Five hundred of the low-wood-consumption stoves, designed by Oregon engineer Larry Wynarski, were donated by the Rotary Club of Oak Ridge, Tenn., for installation in Honduras. A Fort Collins, Colorado-based conservation organization called Trees, Water, and People is working with the Honduran Association for Development (AHDESA), a nongovernmental organization, to install the stoves and explain the philosophy behind them.
Neighbor Ramona Lagos was initially drawn to the new stove because she figured she could save money on wood - which she has. "I used to spend 30 lempiras [about $2] a week on wood," she says, "but now I get by on 10" - a significant savings for the poor families of Suyapa.
But as Nuez's and the neighbor women's focus has broadened beyond the economic interest of spending less money on wood to preserving forests, they've gradually launched into community action.
"We haven't stopped at putting in the stoves. Now we talk about the importance of trees and how we can take care of them," Nuez says. She has organized a group of 50 women who spend their Saturdays hiking an hour up into the nearby mountain to check on Suyapa's last forested watershed, clear out stream beds, and take note of any tree-cutting. "Next we're going to begin reforesting," she says, noting the town already has a tree nursery started.
Yet as eager as AHDESA's development director, Ignacio Osorto, is to show off the progress in Suyapa, he acknowledges that not all his organization's projects go so well. He cites heavy local resistance to a watershed protection project in another valley outside Tegucigalpa. "Seventy percent of Honduras is forested land and less than a quarter is really apt for agricultural use, but we continue cutting the forests to create pastures and cropland," says Mr. Osorto. "It's a mistaken development path." Emphasis should be put on developing ways that people can make a living through sustainable forest use, he adds. But it has neither been public policy nor is it what rural Hondurans seem to want. "They don't want to live in forests, they want their piece of agricultural land."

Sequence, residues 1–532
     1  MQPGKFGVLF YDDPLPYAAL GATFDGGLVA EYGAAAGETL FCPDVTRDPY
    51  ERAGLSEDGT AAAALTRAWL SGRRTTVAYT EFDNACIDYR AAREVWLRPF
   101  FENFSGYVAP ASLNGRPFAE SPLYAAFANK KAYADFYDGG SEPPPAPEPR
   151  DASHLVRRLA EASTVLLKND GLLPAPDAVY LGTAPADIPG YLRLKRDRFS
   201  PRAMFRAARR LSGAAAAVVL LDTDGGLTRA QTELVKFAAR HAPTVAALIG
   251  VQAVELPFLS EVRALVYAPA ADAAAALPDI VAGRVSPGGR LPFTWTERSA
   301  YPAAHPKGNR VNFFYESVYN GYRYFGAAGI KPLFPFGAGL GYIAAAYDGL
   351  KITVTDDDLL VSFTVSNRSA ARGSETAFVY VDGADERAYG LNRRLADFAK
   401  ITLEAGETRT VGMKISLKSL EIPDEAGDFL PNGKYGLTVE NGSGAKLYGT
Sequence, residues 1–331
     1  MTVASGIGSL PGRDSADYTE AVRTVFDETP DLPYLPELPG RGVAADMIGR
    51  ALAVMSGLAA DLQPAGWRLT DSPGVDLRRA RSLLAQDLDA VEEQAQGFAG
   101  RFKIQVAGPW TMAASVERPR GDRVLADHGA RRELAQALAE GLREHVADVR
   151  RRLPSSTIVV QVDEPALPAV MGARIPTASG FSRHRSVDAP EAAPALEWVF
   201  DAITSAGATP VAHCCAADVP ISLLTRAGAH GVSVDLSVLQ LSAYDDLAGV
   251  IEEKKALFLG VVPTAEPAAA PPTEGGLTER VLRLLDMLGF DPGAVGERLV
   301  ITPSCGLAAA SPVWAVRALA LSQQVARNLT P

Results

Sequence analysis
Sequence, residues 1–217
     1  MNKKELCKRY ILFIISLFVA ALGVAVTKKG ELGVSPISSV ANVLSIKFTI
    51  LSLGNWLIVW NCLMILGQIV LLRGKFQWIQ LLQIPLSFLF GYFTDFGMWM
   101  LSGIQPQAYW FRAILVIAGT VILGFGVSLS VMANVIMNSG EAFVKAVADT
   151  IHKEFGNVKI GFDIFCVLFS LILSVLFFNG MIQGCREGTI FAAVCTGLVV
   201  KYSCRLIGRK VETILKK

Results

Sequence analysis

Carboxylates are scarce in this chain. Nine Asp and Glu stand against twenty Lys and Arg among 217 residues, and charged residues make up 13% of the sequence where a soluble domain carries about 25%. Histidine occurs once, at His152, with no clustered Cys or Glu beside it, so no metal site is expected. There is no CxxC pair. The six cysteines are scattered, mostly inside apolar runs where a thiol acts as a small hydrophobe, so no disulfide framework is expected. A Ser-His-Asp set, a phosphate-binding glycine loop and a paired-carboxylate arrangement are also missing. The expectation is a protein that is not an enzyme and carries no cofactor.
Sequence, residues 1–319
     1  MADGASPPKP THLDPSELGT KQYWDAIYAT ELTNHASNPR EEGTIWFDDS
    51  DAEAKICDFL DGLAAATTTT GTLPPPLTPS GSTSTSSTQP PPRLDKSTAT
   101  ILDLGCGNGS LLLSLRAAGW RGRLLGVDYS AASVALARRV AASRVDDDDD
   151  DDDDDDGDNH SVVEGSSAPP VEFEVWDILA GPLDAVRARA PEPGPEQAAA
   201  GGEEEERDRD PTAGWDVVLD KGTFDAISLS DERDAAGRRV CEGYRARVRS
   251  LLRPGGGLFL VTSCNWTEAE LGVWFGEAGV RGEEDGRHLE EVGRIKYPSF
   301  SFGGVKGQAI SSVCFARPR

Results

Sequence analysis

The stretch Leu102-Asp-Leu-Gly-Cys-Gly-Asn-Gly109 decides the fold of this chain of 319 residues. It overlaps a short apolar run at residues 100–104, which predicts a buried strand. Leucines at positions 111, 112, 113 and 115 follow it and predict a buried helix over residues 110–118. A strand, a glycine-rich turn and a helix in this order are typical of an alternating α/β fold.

Back in northern Nicaragua, Francisco Rodrguez of Estel's Sandino Foundation faults government - Nicaragua's, but others in Central America as well - for not acting as if they take their own words seriously. "They're on the radio and TV talking about conserving the forests, but then they do little or nothing to protect reserves or stop the big woodcutting concessions."
Since Mitch, both Honduras and Nicaragua have been hit by scandals in their forest-management agencies over illegal tree-cutting for under-the-table payments. At least such corruption is now causing scandals, some critics have noted, instead of just being accepted.
For Mr. Rodriguez, reversing Central America's environmental deterioration will require forming the same kind of partnership between rural dwellers and a new governmental vision of development that some private organizations have already been establishing.
In the valleys around Estel, it long has been common to see roadside stacks of wood that families were trying to sell, sometimes their only source of income. But Rodriguez says those stacks have practically disappeared from the roads where his organization has been working with communities on alternative development projects. "It's not enough to try to convince people that it's in their interest to do things differently," he says. "You have to help provide the alternative income sources so they can change their ways."
(c) Copyright 1999. The Christian Science Publishing Society